Dealing with Burnout

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“The world is too much with us, late and soon,
Getting and spending, we lay waste our powers;
Little we see in nature that is ours;
We have given our hearts away, a sordid boon!”

– William Wordsworth,
“The World Is Too Much With Us” (1807)

When Wordsworth wrote those words about two centuries ago, he was denouncing the worldly, jaded cynicism that had come to dominate the outlook of the general population at that time. According to him, the frenetic pace and obsession with the material that characterized the era caused a disconnect between people and their own existence. The world Wordsworth criticized was dehumanizing, and it threatened to make peoples’ lives cold, barren and seemingly meaningless.

In 2006, we find the hectic circumstances censured by Wordsworth multiplied in spades. Life moves incredibly fast, and it seems that we can get overwhelmed with all the “getting and spending” we do on a daily basis. This is particularly true in the IT industry, a field distinguished by its incredibly large workload and rapidly shifting tools and techniques. This, of course, quickly can lead to burnout, not just because of the sheer amount of tasks being performed but also because a constant, tunnel-vision focus on your professional life can severely tax the brain and spirit. And if your brain and spirit fail you, it goes without saying that you’re not going to be a productive employee.

To keep your peace of mind, you need to be able to identify signs of burnout and take appropriate measures to prevent it. Here are a few things to consider as you cope with psychological exhaustion on the job.

What Brings on Burnout?
Burnout is produced by stress, obviously, but it’s not as simple as that. Many people thrive on stress, but they get burned out when that pressure turns negative because it is compounded by additional factors. Perhaps there is something going on outside the office that has reduced their ability to contribute a great deal, maybe the repetition of the job is wearing them down, or there could be a lack of positive feedback. Or, as is often the case, the workload is just unbearable.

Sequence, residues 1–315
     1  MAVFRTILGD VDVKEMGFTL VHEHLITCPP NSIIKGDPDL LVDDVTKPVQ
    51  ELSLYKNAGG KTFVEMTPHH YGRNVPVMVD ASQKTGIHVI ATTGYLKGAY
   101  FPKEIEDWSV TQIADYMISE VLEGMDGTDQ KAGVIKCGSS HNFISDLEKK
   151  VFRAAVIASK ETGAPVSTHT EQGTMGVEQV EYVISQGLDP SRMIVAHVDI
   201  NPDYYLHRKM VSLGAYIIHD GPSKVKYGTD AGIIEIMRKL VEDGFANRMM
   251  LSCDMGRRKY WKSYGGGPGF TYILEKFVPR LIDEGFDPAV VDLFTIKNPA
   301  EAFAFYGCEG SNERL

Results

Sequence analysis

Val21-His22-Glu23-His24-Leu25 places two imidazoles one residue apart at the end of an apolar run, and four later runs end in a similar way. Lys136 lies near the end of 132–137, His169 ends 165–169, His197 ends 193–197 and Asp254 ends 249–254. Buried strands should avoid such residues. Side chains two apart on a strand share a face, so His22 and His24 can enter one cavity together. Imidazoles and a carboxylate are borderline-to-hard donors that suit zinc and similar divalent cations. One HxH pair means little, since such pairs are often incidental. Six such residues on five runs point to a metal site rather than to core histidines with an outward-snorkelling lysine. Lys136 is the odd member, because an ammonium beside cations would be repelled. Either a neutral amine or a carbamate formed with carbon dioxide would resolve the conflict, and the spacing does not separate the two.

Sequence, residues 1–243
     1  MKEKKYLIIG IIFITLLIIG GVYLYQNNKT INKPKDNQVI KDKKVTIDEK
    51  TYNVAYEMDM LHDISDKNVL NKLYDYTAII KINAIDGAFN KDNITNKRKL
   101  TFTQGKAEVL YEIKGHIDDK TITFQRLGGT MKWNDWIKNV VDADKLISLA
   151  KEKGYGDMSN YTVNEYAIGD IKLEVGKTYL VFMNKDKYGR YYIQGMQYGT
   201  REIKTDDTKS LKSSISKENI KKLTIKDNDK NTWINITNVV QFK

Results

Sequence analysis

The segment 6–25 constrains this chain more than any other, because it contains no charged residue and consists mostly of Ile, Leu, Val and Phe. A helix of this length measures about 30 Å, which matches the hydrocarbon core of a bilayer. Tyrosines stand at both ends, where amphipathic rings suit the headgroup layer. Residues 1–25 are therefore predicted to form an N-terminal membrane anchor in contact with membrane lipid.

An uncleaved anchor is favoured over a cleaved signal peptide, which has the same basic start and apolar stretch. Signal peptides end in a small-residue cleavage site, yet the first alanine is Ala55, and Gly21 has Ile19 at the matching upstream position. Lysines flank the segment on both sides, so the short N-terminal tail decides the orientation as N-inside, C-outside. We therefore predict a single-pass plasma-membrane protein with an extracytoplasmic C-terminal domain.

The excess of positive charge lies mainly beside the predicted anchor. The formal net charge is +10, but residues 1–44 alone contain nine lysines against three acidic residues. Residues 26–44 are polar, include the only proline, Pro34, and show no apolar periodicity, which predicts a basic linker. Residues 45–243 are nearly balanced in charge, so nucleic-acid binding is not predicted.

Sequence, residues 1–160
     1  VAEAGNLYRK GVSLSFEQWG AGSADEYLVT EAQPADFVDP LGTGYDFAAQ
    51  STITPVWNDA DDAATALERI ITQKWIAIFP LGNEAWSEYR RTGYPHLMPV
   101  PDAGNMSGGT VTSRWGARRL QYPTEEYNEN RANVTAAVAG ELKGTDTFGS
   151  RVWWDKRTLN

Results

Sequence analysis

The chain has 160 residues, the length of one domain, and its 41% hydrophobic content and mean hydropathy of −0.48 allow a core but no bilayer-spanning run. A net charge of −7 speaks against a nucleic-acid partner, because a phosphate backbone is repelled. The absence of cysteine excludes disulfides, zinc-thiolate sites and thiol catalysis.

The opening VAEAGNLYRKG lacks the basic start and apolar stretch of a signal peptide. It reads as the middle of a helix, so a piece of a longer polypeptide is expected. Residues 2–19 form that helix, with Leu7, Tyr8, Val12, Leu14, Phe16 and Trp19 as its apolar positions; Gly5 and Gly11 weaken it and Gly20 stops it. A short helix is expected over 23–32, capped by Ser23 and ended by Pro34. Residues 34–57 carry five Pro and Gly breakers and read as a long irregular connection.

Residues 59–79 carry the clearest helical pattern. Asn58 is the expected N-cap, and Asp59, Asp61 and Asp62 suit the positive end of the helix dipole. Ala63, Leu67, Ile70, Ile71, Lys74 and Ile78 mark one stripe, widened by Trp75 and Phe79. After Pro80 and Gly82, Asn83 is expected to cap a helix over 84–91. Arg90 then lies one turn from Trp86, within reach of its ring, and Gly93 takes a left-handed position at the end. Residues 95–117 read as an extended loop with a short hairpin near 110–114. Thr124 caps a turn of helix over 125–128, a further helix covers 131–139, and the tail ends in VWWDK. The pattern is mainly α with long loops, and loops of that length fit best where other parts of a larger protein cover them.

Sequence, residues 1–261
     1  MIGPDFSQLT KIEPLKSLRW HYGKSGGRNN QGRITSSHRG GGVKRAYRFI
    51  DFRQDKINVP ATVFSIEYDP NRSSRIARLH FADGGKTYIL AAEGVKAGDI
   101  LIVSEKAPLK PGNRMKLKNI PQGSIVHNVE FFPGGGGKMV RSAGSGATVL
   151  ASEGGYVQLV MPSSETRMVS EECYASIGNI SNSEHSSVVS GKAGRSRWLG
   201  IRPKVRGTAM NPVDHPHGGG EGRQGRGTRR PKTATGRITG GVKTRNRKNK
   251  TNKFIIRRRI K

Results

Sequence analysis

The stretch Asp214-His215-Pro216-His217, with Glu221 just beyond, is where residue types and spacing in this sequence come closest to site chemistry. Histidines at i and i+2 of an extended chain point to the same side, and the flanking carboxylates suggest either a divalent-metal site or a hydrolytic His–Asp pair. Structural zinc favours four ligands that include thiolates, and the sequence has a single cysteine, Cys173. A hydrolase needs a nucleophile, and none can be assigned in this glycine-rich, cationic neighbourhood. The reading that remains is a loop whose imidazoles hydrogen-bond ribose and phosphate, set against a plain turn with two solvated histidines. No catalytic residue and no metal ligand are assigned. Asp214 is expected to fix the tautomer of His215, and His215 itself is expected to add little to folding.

Whatever the reason, the important thing is not to feel guilty when you feel burnout coming on. In our work-driven culture, a perceived inability to do a job can be a source of shame, as it often brings on feelings of inferiority. But don’t doubt yourself or get discouraged when faced with burnout. Let’s face it: If you’re exhausted and stressed out at the office, it’s probably not because you’re a slacker.

The Effects of Burnout
Signs that you’re burned out at work are easy enough to identify. If you are antisocial, irritable, stoic and/or dour (i.e. a “sour puss”) at the office, but you were once known as friendly, conversational, empathetic and humorous, then you are a good candidate for burnout. Ditto if you no longer derive great satisfaction from your accomplishments and are increasingly unwilling to perform current and new tasks.

People who find themselves in these situations usually react in one of two ways or a combination of both. The first is that they are plagued by feelings of hopelessness — they feel as if they’ll fail no matter how hard they work, so they’ll simply leave things undone. The second is that they’ll put in more hours and intensity when simply working harder might not be the solution. Typically, they’ll crack under the strain when they discover that they’re still coming up short in spite of their increased efforts. These results often lead to good employees quitting or getting dismissed.

How to Handle Burnout
There are a few things you can do to avoid burnout on the job. One includes taking a vacation for a few days. You don’t have to go anywhere or do anything extraordinary — just get a respite from your work routine. Also, if you aren’t getting something out of your job that you feel you need, whether it is a creative outlet, leadership responsibility or other experiences, you might want to seek out these opportunities in milieus outside of the office such as a professional association or charity organization.

These are simply stopgap solutions, however, if your working conditions aren’t conducive to sociability, open communication, a culture of rewards and recognition, and sound management of time and tasks. If the environment is such that burnout is feasible — or worse, a given — then you might want to get the ol’ resume together and start sending it to companies that value things such as work-life balance, flexible scheduling and positive reinforcement.

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